Tenthus, a simple shepherd, is given an
incredible gift when he catches the eye of the muse of
music, Euterpius. In return for the pleasure Tenthus has
given him, Euterpius gives Tenthus the gift of music.
Unfortunately, Tenthus’ gift upsets the gods. Euterpius
tries to get Zeus to spare Tenthus, but all he will agree to
do is allow Tenthus to live every seventeen years like a
cicada, feeding on music and sex. Euterpius also ensures
Tenthus will have a temple dedicated to him, and priests to
train a consort for each of his rebirths.
Tenthus expects his latest incarnation
to be just like all the other, increasingly unhappy
rebirths. He doesn’t expect the sudden connection he feels
toward his consort, Phaedrus, or the offer Euterpius makes
of a way to regain his mortality. Unfortunately, he also
doesn’t know about Phaedrus’ secret agenda. Will Tenthus
and Phaedrus find the love they both crave before Phaedrus’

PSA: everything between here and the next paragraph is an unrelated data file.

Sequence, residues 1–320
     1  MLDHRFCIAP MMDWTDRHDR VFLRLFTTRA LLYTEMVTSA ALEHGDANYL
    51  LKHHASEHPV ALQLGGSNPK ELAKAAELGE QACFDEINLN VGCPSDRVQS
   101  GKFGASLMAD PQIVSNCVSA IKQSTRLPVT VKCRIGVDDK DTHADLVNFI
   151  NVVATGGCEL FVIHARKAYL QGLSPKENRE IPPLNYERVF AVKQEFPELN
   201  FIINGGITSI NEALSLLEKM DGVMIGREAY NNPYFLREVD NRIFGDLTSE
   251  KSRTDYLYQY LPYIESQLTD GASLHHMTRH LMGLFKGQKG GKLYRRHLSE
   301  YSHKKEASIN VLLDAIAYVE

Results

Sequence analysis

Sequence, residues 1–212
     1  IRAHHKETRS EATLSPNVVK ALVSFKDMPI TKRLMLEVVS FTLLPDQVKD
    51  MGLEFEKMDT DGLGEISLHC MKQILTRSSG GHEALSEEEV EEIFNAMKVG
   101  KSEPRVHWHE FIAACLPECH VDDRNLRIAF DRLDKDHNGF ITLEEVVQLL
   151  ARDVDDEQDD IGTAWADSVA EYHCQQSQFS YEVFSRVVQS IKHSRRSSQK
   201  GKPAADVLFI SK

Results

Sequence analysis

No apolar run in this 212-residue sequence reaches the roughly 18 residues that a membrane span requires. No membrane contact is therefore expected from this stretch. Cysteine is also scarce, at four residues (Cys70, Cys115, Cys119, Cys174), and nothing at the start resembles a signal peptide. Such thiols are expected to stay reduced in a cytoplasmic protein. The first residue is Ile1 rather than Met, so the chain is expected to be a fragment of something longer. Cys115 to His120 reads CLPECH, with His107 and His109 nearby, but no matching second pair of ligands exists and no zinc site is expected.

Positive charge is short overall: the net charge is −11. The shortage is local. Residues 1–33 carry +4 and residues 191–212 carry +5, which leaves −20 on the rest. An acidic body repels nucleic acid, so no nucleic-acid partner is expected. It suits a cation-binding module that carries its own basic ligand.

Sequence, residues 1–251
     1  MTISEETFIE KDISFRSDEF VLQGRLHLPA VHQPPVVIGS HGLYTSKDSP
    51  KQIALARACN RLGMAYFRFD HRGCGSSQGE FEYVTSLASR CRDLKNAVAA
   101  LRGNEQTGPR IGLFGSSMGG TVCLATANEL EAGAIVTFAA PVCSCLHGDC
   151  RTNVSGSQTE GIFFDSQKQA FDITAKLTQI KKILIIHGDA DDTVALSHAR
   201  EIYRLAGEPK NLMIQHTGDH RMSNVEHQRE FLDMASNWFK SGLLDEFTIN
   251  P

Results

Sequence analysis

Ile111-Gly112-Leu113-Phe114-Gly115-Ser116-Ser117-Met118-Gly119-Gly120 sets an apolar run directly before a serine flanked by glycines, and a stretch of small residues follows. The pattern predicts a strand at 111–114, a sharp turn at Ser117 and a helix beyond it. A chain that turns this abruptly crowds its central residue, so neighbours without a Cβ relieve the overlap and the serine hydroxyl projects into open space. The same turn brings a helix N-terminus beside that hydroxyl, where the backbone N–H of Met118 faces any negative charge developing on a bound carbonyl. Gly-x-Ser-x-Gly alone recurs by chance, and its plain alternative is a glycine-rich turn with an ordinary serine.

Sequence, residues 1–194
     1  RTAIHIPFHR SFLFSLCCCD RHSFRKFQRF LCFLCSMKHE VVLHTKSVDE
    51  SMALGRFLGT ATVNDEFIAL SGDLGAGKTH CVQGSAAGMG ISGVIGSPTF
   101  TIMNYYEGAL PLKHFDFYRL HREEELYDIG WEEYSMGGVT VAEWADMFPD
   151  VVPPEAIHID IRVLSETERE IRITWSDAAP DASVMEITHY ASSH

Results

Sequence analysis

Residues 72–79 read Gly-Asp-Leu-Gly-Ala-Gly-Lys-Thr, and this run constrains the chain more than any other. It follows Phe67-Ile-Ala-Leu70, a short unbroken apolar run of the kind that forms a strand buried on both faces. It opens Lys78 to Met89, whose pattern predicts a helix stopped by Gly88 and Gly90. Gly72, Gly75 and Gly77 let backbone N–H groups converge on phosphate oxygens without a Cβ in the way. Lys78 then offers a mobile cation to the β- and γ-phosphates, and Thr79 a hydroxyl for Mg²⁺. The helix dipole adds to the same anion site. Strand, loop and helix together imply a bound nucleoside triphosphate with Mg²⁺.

secret destroys them both?
Consort is a fascinating tale of the perils of
consorting with the gods. Both Tenthus and Phaedrus have
paid high prices due to their past associations with gods.
The mythology of Consort was well-developed
and interesting. I could sympathize with both Tenthus,
whose only mistake was reaching too high, and Phaedrus,
whose unhappy background got him into a terrible situation.
Throughout the conflict and emotion-filled story, I felt for
them both and really rooted for them to get together—even
when they were cruel or angry toward each other. The
secondary characters added intrigue. All the Nica Berry
books I’ve read have featured unusual characters and plots,
and Consort is no exception. Readers who like
mythology and heavy conflict (and don’t mind some pretty
graphic violence) will be sure to like Consort.